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Why Merb Becoming Rails 3 is a Good Thing

Tuesday, December 23rd, 2008

Originally posted at

Q: Rails or Merb?
A: Yes.

So, today’s big news is that Merb will be the new Rails. Wow! Who said you couldn’t get people’s attention during the holidays. This is really going to shake up the Ruby web community.

There has been a lot of reactions to the news, not all of it positive. This tweet jumped out at me. That is a totally understandable first reaction. What happened to the revolution? In my opinion this is the best possible outcome of the Merb revolution. It began life because of frustrations with the Rails core team and the direction that Rails in general was heading. The Merb team chose to go off and do things the way they think things should be done. Competition was created.

As the competition increased you started to see some of the better ideas in Merb start to be implemented in Rails. Competition is the best thing on earth to break a monoculture. It’s so easy to get wrapped up in our own little worlds and to keep doing things just because that’s the way we do things.

Now, the situation today is that Merb has convinced the Rails core team that they were onto something, and instead of leading us down the path of Ruby Web Framework Armageddon (which is not wholly bad, but at the very least creates a marketing problem) they decided to now join forces. Not a decision that was taken lightly, I imagine.

So what happens to competition, you say? It still exists, there are now many, many Ruby Web Frameworks, and many more will come, even in the wake of this announcement. There will always be people pushing the status quo, there will always be ambitious hackers out there creating new and exciting things. Those things will inevitably feedback into the dominant frameworks, if not, then the dominant frameworks will slowly die off, as they should.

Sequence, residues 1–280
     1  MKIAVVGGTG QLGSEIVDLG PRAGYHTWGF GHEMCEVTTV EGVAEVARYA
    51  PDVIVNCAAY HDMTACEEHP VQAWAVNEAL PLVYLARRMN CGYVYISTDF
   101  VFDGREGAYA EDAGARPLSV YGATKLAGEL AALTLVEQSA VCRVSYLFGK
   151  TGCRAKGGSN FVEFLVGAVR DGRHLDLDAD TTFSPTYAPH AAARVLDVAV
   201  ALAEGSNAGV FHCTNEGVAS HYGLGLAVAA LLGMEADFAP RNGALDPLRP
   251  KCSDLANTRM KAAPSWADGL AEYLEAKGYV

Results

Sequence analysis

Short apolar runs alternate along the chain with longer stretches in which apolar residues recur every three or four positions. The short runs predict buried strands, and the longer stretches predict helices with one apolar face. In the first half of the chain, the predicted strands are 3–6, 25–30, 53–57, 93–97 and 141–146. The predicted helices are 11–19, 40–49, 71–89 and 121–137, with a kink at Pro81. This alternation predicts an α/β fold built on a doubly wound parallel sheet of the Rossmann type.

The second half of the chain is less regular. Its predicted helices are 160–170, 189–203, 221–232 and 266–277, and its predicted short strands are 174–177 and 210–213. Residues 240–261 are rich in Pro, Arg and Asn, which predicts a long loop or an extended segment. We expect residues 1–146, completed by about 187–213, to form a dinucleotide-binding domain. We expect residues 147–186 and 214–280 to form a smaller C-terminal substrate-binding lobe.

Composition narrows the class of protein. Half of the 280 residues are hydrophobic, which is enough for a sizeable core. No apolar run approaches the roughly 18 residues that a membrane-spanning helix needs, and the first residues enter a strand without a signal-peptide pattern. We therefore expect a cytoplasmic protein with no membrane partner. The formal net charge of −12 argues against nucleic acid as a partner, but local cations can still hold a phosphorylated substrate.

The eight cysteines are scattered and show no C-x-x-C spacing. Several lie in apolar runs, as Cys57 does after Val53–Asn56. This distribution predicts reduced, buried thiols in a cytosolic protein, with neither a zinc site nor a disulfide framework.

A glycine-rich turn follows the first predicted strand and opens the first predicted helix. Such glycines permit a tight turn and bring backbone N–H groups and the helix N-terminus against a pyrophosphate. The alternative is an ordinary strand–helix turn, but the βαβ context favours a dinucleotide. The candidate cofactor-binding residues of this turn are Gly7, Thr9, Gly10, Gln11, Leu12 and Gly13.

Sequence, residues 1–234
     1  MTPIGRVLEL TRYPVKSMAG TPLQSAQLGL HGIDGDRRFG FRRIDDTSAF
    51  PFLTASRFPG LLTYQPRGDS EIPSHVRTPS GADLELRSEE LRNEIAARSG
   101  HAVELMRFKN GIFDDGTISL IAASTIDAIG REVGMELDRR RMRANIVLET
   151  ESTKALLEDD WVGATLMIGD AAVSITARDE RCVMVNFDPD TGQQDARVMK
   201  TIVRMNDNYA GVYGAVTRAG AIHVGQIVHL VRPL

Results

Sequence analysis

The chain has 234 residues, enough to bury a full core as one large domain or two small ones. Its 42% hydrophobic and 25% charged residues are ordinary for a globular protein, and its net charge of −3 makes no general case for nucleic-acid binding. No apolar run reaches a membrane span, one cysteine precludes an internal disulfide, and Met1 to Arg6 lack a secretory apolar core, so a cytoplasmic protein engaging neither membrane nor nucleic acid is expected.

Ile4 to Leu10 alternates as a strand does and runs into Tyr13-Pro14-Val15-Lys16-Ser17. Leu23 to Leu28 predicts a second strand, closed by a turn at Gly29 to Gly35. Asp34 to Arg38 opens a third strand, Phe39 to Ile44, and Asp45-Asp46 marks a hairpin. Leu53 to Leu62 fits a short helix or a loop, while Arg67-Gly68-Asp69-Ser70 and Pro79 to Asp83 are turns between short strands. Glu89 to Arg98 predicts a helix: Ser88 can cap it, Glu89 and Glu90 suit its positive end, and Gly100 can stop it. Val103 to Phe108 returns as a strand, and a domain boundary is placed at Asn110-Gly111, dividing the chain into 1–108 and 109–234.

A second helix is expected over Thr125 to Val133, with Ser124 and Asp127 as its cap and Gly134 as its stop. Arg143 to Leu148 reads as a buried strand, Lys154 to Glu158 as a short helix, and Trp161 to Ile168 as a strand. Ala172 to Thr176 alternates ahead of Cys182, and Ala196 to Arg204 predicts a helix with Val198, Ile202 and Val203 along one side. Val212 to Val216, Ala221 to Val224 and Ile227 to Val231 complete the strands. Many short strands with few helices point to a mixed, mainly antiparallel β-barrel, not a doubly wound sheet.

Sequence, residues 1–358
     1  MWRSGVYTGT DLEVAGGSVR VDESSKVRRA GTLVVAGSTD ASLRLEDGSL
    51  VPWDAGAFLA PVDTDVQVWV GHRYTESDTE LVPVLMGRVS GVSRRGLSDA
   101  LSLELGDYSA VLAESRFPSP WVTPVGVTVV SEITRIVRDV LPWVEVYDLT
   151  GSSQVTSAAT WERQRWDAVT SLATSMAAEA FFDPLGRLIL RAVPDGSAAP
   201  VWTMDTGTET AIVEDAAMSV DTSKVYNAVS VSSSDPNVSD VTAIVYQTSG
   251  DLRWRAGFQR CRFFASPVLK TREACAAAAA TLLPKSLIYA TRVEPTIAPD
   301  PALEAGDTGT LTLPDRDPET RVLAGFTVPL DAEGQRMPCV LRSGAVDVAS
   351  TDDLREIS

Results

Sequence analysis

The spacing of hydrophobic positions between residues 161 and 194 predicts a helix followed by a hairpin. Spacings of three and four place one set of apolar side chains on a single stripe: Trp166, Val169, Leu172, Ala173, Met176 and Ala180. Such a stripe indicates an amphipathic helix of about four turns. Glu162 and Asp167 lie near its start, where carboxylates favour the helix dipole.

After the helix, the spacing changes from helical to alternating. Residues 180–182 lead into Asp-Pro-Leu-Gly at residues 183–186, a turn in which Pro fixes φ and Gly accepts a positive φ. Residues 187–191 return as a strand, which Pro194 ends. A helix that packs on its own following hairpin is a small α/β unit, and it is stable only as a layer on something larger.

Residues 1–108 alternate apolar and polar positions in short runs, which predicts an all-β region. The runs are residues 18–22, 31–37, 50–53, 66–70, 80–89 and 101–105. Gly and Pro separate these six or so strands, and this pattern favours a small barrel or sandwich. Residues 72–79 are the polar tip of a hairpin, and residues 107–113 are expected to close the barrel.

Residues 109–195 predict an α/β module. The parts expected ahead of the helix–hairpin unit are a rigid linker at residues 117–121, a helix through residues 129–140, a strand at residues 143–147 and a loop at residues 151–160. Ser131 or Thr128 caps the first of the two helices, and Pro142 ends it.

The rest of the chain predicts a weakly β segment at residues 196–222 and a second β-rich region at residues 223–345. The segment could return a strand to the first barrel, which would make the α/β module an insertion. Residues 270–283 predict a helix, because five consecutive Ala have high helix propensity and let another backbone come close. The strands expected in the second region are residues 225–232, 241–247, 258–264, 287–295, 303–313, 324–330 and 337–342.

So why is this a good thing again? Well because now the framework I love, the framework that has changed my development life, will now be even better! The infusion of the quality engineering that has been displayed by the Merb team is the best thing for Rails’ long term viability. Enterprise business *want* to jump on the Ruby bandwagon, they are just scared of Rails and it’s issues, real or perceived. Now, Rails will become the Enterprise solution they have been clamoring for, and that makes life great for all us Rails Development and Consulting shops out there!

Here’s to a great New Year for Ruby!!

Screencasting as client documentation

Thursday, December 11th, 2008

The problem started with a project that requires several processes to be running behind the scenes. Since each of these processes has its own installation/configuration/execution, the process to document everything was going to take forever. Enter a combination of Parallels, Ubuntu JeOS, and Screenflow.

Rather than place everything into a word document we started with a base virtual machine created from Ubuntu 8.04 JeOS and proceeded to install everything step by step with Screenflow recording the process.

Now instead of delivering a handful of documents that most likely won’t be read, we’re handing over a completely encapsulated development environment and the recorded process of how everything was put together. If they have any questions they should be able to refer back to the screencast and see how we did it themselves.

Integrum brings Merb training to Phoenix

Tuesday, December 9th, 2008

We here at Integrum are very proud to announce that we have partnered with some of the Merb Core team to bring the first Merb training class to Phoenix.

You can see the details on their site and sign up now. There has been a lot of talk about this class already, so we’re expecting the class to fill up quickly.

Training Badge

What Economic Downturn? We’re hiring!

Wednesday, November 26th, 2008

Seeking refuge from the Java salt mines?

Want to work for an awesome Ruby development shop?

Want to hang out with super smart people and solve tough business problems?

Want to be at the epicenter of startup culture in Phoenix?

If you answered “Yes” to any of these then integrum is the place for you! Check out our jobs page. We are looking for people of all experience levels.

Come experience the freedom and fast pace of small, Agile teams working with Ruby on Rails and Merb.

Five Runs RAMP Partnership

Thursday, November 13th, 2008